University

Object Study

Close, individualized study of original works of art from David Owsley Museum of Art’s collection is available for groups of up to 20 people in our specially outfitted Contemporary Craft and Object Study Gallery, located on the upper level, west side.

Schedule a visit

Timing Your Visit

Click on the link above to schedule a visit to the object study classroom.

Requests must be submitted 15 business days before your desired date. Someone from the collection and exhibitions team will respond to your request within two business days. We process requests on a first-come, first-served basis. Submitting a request does not guarantee that the date and time you request will be available for your visit.

The works you request will be retrieved from storage and be made available for you to view during the date and time you have the room reserved. You may search parts of the collection online. The works requested must be portable. Some works may not be available based on size limits, condition, or unavailability due to display or loan.

The time allowed for object study is three to six weeks depending on additional requests for the space.

If you have questions, please contact our education program coordinator.

Hours

The object study space is open:

  • Monday-Friday: 9 a.m.-4:30 p.m.
  • Saturday and Sunday: 1:30-4:30 p.m.

Class visits are available Monday through Friday 9 a.m. to 4:30 p.m. by reservation only.

Artwork Selection Guidelines

  • You may request a maximum of 15 works, depending on size.
  • The total dimensions of available display space are 6.5 feet tall by 15 feet wide by 21 inches deep.
  • Fewer objects may be displayed, depending on size. 
  • Size restrictions for paintings are 41 inches tall by 46 inches wide or smaller.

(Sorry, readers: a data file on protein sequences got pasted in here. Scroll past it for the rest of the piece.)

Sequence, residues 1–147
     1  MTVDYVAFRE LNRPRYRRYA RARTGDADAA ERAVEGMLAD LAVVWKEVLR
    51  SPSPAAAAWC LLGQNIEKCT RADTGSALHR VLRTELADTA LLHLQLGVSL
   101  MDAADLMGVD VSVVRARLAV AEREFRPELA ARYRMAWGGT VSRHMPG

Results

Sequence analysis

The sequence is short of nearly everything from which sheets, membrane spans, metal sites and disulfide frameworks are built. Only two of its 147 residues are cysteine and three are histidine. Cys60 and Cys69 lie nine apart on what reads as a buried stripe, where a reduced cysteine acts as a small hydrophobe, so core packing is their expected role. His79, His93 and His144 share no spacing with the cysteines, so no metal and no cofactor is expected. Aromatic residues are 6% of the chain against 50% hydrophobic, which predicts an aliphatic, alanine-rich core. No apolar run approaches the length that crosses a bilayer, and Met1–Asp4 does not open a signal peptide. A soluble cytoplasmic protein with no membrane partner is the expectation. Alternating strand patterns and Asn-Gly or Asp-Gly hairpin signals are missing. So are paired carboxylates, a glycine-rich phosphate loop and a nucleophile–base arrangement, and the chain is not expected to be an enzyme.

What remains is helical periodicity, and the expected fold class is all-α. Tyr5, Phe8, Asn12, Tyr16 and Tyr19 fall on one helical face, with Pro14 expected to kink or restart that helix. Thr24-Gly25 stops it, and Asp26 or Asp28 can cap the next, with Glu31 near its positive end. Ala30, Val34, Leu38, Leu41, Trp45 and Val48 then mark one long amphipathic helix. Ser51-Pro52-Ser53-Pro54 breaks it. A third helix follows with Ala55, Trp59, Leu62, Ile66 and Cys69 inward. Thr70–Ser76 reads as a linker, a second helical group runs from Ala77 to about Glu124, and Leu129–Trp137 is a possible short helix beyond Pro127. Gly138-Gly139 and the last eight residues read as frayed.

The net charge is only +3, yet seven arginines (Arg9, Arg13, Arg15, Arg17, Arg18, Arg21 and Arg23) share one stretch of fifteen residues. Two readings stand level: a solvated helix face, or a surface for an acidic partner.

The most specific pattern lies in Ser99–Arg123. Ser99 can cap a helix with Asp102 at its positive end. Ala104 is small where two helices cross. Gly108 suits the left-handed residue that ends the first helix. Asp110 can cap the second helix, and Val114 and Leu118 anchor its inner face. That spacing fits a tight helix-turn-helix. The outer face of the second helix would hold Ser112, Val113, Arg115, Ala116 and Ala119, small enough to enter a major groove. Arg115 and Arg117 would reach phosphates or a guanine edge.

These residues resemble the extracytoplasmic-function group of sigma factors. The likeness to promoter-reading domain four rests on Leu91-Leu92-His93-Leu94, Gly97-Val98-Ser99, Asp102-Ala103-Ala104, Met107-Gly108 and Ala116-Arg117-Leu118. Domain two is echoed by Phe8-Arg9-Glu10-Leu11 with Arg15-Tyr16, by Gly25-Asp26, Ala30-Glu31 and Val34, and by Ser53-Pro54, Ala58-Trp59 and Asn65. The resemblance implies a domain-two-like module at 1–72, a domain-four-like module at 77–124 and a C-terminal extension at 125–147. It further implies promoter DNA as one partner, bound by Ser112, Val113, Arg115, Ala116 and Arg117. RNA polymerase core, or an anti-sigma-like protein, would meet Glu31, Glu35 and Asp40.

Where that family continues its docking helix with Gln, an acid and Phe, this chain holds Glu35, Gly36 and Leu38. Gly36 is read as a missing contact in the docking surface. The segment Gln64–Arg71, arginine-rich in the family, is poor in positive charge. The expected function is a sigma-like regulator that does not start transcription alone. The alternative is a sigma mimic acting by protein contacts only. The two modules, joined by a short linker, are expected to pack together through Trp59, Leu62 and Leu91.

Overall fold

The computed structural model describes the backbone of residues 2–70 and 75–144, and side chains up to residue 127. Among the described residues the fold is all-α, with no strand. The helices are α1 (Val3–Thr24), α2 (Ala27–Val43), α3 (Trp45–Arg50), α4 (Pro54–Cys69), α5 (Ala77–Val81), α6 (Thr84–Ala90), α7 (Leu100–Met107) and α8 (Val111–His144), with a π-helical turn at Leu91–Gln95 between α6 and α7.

• Size restrictions for prints are 36 inches tall by 40 inches wide or smaller.
  • Size restrictions for objects are 24 inches tall by 60 inches wide by 21 inches deep or smaller.
  • Weight limit is 50 pounds.

Look to Learn

Look to Learn is a tested, classroom-based program, especially for elementary students. It uses Visual Thinking Strategies (VTS) for developing language arts and critical thinking skills through viewing, discussing, and writing about works of art from museums around the world, including the David Owsley Museum of Art in Muncie, Indiana.

The simplicity helps with continued and generalized application and creates better listening and dialogue skills for teachers and students.

The program improves critical thinking and language arts core competencies.

Every month, students and teacher leaders talk about three works of art, using a simple structured method to facilitate open-ended discussions.

How Can We Participate?

Discuss participation with core staff members.

Determine the student population and discussion leaders.

Consider if there are up to two hours for discussion and up to one hour for preparation each month.

Contact our director of education for more information.

Download the brochure (PDF).

Teaching with Art

Faculty, museum staff, and educators use distinct models for teaching with art—often two or three are combined in a single teaching moment.

  • Visual Literacy—Learning how to look actively and critically enhances understanding and prepares students to better navigate the complex visual environment of the 21st century.
  • Art as Cultural Context—Works of art can provide broader cultural context for a particular period or a specific locale. By introducing students to visual culture as part of a social and historical moment, this approach further aids understanding of course material. 
  • Art as Conceptual Framework—Works of art can illustrate, expand on, reinforce, or test the understanding of ideas and conceptual frameworks encountered in class. This model often supports cross-disciplinary learning. 
  • Art as Primary Text—Using art as a primary text introduces students to the concept of art as a cultural document. 
  • Art as Creative Focal Point—Works of art can serve as a creative focal point or inspiration for class assignments such as research papers, visual analysis exercises, creative writing, musical compositions, student presentations, blog posts, or oral language exams. 
  • Art Museum Pedagogy—Professors and students have a forum for learning museum teaching strategies, developing their teaching practice, and analyzing them for effectiveness. 
  • Museum as Specimen—The entire Museum of Art is conceptualized into an object to enable students to analyze its theoretical and practical implications.
  • Writing in the Museum—Art can act as the focal point for assignments in creative writing, the subject for student presentations, the primary text or cultural context for research papers, and so much more. Download our writing guide (PDF).

Thanks to the Allen Memorial Art Museum at Oberlin College for its guidance in developing these models for using art museums and their collections as a learning resource.